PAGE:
20. Dear Carlos,

    Many thanks for involving me in the discussions on the Mega Program, although we were not able to open the website where the concept note is located [https://sites.google.com/a/cgxchange.org/mp4/]. I and my colleagues at the Institute of Animal Science of Chinese Academy of Agricultural Sciences (IAS-CAAS) will be pleased to participate in the discussion/review process.

    Please have the website [https://sites.google.com/a/cgxchange.org/mp4/] checked and fix any problem so that we can log on it from China.

    Best regards,

    Wen Jie
    DDG-Research
    IAS-CAAS, Beijing

  21. I have had the opportunity to read through the document “The Livestock Mega Programme” and was impressed with the scope of the programme.

    However, I was left wondering about several issues,

    Animal Health, in the area of animal health I had expected to see a reference of some sort to the importance of emerging zoonoses such as Avian Influenza, Swine Flu. He emergence of these diseases have probably done more to secure funding for Animal Health activities/facilities than any other issue in the recent past. Other International Organizations,have already adopted a One World One Health (OWOH) approach to dealing with these problems.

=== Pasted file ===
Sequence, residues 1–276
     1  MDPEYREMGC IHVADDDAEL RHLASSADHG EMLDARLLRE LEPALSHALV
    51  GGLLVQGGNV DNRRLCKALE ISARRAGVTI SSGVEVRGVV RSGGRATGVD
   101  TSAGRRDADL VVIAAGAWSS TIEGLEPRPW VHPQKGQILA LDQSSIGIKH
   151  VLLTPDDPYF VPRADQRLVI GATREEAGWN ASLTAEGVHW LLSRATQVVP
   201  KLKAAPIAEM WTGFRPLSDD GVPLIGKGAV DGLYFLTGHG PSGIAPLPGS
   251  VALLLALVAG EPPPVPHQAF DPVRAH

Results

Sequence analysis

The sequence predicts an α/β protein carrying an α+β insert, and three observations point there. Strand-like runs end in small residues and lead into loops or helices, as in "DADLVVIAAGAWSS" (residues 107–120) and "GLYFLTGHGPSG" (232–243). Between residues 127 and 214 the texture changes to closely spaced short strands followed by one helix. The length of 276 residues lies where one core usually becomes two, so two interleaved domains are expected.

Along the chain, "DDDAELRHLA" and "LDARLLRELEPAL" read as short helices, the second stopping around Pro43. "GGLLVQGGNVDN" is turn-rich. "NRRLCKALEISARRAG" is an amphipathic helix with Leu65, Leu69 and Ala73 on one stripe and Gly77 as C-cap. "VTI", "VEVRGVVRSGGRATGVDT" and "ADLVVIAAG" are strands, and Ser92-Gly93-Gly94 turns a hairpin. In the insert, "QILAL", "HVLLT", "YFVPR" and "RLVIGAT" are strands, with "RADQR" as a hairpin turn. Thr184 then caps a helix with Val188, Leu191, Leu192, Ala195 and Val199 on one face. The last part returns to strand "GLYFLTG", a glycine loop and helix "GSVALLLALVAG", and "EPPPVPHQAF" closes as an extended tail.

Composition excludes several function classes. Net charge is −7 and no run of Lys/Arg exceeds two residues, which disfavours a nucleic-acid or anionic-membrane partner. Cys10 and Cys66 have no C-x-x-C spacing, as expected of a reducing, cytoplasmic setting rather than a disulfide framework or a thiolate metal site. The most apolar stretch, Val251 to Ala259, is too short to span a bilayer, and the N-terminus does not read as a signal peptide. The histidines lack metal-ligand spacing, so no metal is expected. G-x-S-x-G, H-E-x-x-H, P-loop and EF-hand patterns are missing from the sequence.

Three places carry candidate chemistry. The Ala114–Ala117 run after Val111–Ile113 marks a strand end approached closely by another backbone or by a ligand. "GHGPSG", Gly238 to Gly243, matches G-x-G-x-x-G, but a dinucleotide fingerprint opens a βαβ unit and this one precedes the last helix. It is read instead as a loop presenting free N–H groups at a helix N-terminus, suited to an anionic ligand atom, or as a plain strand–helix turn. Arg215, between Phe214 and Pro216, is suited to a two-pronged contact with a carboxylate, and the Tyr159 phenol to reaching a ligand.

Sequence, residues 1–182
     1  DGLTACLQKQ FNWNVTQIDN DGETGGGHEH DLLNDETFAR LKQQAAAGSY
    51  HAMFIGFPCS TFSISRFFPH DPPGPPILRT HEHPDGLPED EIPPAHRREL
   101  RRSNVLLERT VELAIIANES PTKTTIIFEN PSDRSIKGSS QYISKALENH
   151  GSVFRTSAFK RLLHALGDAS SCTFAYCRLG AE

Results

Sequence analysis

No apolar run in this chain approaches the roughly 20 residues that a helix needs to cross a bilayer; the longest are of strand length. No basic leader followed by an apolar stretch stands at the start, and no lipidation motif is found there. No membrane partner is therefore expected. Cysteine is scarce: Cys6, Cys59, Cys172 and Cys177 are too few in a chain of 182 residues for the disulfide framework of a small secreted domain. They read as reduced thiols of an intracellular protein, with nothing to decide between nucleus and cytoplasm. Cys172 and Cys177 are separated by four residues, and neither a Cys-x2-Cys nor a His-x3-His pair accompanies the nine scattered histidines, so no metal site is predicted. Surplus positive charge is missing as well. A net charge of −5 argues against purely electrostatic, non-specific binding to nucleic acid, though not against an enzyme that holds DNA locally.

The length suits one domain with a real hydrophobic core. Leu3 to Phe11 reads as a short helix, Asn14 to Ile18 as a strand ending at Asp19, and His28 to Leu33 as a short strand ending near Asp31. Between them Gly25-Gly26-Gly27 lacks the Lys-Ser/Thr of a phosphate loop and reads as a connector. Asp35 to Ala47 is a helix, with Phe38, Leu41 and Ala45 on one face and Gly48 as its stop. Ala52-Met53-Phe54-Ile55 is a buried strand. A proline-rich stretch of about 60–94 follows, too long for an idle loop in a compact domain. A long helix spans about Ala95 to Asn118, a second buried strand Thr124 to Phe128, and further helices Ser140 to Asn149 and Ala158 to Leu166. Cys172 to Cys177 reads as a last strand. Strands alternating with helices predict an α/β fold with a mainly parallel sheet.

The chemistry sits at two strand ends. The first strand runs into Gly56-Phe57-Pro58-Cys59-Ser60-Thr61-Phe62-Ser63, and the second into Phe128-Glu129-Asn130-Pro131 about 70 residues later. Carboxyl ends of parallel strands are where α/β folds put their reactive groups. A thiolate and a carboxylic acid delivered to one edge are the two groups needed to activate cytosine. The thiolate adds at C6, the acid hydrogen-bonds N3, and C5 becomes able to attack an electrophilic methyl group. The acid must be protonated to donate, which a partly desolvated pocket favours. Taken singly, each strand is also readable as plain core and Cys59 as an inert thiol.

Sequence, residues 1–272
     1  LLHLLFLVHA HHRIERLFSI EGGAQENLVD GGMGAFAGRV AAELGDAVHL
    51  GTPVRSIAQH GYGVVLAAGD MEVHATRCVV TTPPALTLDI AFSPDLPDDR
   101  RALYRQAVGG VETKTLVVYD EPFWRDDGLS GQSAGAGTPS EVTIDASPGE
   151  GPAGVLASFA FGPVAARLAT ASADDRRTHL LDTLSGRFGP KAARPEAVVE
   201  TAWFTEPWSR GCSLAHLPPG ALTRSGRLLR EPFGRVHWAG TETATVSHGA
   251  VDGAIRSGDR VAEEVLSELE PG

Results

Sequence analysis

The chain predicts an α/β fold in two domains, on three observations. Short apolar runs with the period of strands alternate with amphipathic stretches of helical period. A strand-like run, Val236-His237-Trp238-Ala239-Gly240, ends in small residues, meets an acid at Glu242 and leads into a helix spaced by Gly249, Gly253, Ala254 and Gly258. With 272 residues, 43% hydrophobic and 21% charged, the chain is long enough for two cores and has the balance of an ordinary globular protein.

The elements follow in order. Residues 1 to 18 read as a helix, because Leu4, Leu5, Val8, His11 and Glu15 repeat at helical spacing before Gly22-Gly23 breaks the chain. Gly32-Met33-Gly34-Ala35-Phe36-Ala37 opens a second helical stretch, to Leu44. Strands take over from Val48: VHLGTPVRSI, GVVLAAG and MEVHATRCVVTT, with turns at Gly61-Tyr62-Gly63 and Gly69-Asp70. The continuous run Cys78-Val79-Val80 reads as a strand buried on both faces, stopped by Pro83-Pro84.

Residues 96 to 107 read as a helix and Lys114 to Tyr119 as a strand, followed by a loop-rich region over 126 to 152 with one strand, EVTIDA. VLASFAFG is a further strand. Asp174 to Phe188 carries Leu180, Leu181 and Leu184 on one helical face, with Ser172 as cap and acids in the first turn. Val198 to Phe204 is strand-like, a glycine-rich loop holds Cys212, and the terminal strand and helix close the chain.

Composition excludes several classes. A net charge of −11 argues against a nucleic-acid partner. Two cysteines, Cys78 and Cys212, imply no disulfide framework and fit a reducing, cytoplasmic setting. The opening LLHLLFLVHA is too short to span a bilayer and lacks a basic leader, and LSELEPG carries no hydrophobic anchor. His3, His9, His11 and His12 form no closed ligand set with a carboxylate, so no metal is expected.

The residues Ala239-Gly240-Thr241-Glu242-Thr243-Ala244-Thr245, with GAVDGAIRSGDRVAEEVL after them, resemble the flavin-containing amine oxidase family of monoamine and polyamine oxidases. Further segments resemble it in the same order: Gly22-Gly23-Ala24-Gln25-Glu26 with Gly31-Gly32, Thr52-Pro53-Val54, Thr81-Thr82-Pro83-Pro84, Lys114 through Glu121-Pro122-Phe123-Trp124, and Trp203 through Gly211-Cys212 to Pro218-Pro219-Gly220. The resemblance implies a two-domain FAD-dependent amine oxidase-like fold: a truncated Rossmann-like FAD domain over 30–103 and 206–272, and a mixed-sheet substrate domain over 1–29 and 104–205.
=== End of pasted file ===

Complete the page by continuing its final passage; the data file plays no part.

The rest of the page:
I would also be interested in learning how the CG group and ILRI in particular sees itself in the production and delivery of Animal Health related technology/advice/interventions. How does it differentiate/collaborate with agencies such as the OIE and FAO.

    Also in the area of animal health. My experience working in the Pacific is that in many cases the poorest livestock owners are unable or access or afford medications, treatments for their animals. I would certainly be interested in the investigation, validation of alternate/traditional medicines/practices. This would be inline with existing commitments to participatory approaches and the inclusion of private sector/development actors.

    Similarly, my experience is that a number of interventions, is that the translation of these into the field is limited by the availability and accessibility inputs.

    In regards to the breeding programme, there is a commitment to characterisation conservation and breed development. The missing component here appears to be inventories. Given the many activities of the FAO in this area, I would be interested to see how this programme links into the proposed FAO network of National and Regional Focal Points and Networks linking to the Global Focal Point with the FAO system.